The nomination has weight in that all individuals nominated will be reviewed for how well they exemplify the award criteria. The nominees will also be weighed against one another. A short list will be created. Those individuals will be reviewed by the Executive Committee of the Board, and a final decision will be made. Board members can make nominations, as can ACAC members and any member of the general public. All nominees are given equal consideration as to how well they exemplify the criteria.
Why does the award not include a monetary component? Would it not be reasonable to share fund-raising proceeds with the guests of honor, since they are the reason people might pay for an awards ceremony ticket?
The spirit of the Nexus Award is about recognition, not money. The award is intended to honor individuals who have worked tirelessly to make a difference in the visual arts community as well as to encourage others to follow in their footsteps. The Nexus Award is given in the spirit of many other honorific awards (local and national) rather than as a prize.
Is the Nexus Award just a fund-raising scheme to grab cash for ACAC? How would you respond to this perception?
Awards ceremonies and galas are standard ways that nonprofit institutions promote themselves, raise funds, and raise awareness about their mission and programs. The question is: Are they done well and in a generous spirit while raising necessary funds? And do these events make sense for the institutions that do them? We think that the answer is “yes” as it pertains to the Nexus Award and ACAC.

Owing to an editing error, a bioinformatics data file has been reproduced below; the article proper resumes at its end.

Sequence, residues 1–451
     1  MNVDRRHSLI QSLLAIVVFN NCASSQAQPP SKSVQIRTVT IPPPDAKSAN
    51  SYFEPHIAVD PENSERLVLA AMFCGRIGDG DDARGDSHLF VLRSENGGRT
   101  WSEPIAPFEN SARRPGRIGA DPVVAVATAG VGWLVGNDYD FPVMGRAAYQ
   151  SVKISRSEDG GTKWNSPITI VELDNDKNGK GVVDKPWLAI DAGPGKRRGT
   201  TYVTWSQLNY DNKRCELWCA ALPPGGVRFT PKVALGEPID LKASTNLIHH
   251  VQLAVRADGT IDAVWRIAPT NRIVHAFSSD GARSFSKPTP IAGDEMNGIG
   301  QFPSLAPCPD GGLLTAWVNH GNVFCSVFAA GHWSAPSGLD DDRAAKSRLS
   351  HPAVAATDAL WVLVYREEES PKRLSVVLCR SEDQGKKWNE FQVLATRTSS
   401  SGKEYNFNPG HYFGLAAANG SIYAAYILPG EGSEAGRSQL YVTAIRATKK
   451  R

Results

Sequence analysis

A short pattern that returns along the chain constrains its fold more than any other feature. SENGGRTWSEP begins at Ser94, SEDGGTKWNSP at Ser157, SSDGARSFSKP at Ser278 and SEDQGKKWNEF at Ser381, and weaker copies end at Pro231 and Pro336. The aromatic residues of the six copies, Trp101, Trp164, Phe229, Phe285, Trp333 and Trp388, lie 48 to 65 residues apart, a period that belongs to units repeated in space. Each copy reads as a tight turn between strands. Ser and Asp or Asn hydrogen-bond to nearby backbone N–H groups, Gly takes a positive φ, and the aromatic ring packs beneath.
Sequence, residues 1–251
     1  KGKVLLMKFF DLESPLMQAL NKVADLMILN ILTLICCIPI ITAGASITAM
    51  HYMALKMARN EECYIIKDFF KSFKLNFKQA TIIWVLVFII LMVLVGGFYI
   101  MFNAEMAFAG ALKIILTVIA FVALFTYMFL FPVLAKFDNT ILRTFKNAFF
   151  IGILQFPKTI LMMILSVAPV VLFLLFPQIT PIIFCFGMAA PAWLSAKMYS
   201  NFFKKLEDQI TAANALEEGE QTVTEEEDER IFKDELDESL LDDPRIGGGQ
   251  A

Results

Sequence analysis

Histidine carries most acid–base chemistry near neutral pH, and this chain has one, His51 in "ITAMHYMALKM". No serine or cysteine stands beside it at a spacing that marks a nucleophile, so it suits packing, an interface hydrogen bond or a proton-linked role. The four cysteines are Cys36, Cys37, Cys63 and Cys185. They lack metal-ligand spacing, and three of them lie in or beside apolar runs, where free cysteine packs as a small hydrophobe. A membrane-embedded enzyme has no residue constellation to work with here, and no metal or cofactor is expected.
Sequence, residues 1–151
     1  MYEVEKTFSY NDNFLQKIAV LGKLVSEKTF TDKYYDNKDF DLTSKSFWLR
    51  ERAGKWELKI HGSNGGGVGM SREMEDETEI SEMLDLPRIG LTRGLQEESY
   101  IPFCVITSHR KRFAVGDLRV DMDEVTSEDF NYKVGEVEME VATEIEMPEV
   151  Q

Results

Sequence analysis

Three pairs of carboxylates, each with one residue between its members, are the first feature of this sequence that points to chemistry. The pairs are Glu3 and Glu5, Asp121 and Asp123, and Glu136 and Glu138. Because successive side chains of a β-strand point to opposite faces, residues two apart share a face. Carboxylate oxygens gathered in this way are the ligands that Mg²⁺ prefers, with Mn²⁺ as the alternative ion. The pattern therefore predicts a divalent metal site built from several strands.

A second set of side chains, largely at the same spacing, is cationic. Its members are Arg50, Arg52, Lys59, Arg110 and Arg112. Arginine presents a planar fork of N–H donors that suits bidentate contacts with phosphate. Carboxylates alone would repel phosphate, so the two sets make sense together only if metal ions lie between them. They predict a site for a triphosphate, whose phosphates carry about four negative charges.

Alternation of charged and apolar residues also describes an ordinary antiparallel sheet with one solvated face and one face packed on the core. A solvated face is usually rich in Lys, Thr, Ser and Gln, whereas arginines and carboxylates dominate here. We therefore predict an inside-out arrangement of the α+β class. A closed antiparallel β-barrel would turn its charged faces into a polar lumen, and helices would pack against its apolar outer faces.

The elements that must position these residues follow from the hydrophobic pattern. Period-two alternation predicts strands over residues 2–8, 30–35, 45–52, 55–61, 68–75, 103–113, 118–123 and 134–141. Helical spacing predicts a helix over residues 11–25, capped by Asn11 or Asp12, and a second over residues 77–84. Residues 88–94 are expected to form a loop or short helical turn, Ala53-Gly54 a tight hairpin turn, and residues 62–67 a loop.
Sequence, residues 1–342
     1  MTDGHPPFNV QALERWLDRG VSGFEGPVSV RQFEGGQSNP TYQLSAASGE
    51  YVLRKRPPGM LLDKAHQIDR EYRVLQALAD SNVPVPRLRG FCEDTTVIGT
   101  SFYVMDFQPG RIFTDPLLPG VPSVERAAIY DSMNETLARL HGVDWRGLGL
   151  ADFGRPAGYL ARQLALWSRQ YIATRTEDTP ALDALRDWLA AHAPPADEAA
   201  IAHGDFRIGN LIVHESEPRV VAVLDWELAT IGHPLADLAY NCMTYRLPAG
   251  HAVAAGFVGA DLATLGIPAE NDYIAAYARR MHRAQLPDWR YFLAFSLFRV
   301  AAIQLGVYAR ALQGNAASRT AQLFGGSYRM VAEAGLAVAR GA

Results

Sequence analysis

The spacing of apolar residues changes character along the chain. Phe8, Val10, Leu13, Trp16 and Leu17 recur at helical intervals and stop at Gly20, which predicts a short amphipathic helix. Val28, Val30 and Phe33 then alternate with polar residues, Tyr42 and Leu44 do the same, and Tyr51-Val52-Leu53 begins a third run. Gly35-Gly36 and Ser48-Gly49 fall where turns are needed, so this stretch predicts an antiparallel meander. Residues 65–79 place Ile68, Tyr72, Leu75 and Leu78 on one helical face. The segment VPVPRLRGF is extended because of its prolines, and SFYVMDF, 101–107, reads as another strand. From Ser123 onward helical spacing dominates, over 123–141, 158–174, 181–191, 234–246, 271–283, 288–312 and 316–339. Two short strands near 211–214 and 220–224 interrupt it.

There’s still some confusion about what the award is trying to do. We’ve heard explanations of what the award IS, but what would you say the award IS NOT?
The Nexus Award isn’t a popularity contest. By opening the nomination process up to the public, the intention was not to have people vote on the winner, nor was it to see who gets the most votes. We opened the process up to the public because we recognize that we probably don’t know all the worthy individuals out there, and we would hate to overlook a potential award recipient.
As stated above, the Nexus Award is also not a prize. Its intention is honorific. We saw that there isn’t currently a named award recognizing individuals doing amazing work in and for the local contemporary visual arts community. The Nexus Award is intended to fill this void now and for years to come.
Is it a “lifetime achievement” award? There is a strong desire among our readers to recognize people who have been working in Atlanta for decades. Is the award limited to these individuals?
Obviously, Andrea Barnwell Brownlee winning last year dispels this one. I think the only time we use the word “history” or imply a sense of duration of time is in the last criteria “demonstrates a history of commitment and excellence to the visual arts in Atlanta.” However, “history” can be a relative term. It certainly doesn’t have to mean a lifetime, but we aren’t interested in someone who just started making a difference last month. We can honor that individual in a couple of years.
Is this is a “man/woman of the year” award? People want to recognize the urgency of the moment; they want to capture lightning in a bottle. Does the award consider new happenings that developed in 2010? Is it more about the past or about the future?
The Nexus Award is potentially about both the past and the future. We aren’t interested in honoring an individual who was once important to the community but no longer plays a role. The recipient could be someone who has made a significant contribution over time, but that person also continues to make a significant contribution now. The award could also go to someone who is shaping the future in a very dynamic way right now. What we want to be wary of is jumping on a bandwagon.
Click here for Nexus Award nomination form is available online. The deadline is December 31, 2010.